Incidentally, after being banned from CNN for two whole news cycles (Oh, the humanity!) over concerns about her credibility following the Bowling Green Massacre fib, Conway was back at it, ignoring what that terror attack list contained and then lying about it when repeatedly pressed by CNN's Jake Tapper in the hope the media would move on. 
The media, thankfully, smells blood and is less likely to move on.  But we have to remain involved, too.   
The Muslim Ban is the most notable case in point.  In a brief appearance the day after the the ban was dropping on an unsuspecting public -- and most of the president's own aides, including key homeland security officials who weren't consulted, were as shocked as we were -- Trump declared that the ban was "working out very nicely -- you see it in airports." But what the nation and world was seeing, sometimes in jolting split-screen Instagram images, were refugee families, including Iraqis who had risked their lives to aid the American military, denied entry as immigration lawyers rushed to help them and chanting, sign-waving protesters clogged airport terminals from New York to Los Angeles. 
Things were not working out very nicely, and what we were seeing was the birth of  a social network-fueled movement to defeat Trump's policies, if not eventually the president himself.   
As my friend and fellow blogger Will Bunch wrote so eloquently today:
" . . . the silencing of Elizabeth Warren is  just one more example -- arguably, one of the most powerful ones yet -- that the basic norms that have loosely governed the way we do things in America are slowly and painfully getting crushed, one brittle bone at a time, right before our stunned eyes. I'm talking about the ways that we value and uphold democracy, our freedom to debate and express opposing views, and the fast-fading notion that we even pretend anymore to cherish diversity -- not just of human beings but diversity of thought."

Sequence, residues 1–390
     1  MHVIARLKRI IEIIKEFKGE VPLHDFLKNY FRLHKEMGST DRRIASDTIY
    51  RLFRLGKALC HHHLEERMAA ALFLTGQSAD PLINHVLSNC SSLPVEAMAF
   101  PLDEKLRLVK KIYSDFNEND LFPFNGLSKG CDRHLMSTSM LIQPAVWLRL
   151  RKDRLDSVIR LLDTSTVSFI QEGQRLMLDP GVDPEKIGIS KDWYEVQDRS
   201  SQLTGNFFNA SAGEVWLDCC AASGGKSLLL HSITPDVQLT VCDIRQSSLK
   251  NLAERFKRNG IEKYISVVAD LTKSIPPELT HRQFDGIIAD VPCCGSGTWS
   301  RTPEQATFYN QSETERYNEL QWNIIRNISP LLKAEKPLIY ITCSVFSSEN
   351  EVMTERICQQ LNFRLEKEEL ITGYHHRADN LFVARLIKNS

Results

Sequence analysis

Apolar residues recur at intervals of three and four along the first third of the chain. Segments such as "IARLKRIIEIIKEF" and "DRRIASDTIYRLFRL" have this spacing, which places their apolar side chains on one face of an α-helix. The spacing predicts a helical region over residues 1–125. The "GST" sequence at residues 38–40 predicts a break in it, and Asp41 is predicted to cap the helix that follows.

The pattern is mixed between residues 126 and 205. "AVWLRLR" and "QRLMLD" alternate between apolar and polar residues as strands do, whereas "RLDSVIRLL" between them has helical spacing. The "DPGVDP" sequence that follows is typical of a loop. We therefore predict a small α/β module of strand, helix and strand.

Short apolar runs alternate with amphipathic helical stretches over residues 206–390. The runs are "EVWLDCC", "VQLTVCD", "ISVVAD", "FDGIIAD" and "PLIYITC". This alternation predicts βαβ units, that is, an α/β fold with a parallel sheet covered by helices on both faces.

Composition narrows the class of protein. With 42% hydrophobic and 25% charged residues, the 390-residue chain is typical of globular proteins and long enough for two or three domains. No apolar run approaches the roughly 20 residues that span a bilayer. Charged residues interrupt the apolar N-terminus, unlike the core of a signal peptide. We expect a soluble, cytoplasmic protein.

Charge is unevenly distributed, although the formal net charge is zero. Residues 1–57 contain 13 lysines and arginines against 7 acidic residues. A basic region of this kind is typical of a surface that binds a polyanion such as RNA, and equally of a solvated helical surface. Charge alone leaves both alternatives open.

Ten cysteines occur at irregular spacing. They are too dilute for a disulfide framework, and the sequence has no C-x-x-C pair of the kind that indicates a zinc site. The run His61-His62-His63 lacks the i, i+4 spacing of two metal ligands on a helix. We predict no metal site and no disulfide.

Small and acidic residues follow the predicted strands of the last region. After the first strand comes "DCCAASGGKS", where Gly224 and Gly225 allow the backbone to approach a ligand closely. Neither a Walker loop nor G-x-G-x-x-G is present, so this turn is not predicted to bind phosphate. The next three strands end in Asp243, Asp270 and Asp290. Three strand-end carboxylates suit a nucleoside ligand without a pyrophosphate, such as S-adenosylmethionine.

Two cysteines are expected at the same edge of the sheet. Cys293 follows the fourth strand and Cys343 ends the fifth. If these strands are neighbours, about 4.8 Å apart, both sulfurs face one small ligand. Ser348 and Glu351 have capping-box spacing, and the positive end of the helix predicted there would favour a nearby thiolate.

Trump has turned the Washington swamp into a cesspool while trashing America's image abroad and gifting terrorists the kind of bogeyman of which they could only dream.  He has brought out the worst in Americans.  And he has brought out the best, as seen by that social-network fueled movement, protests that even at this early date are eclipsing the civil rights and antiwar protests of yore. 
The success of this network is far from guaranteed, but a notable and noble start has been made.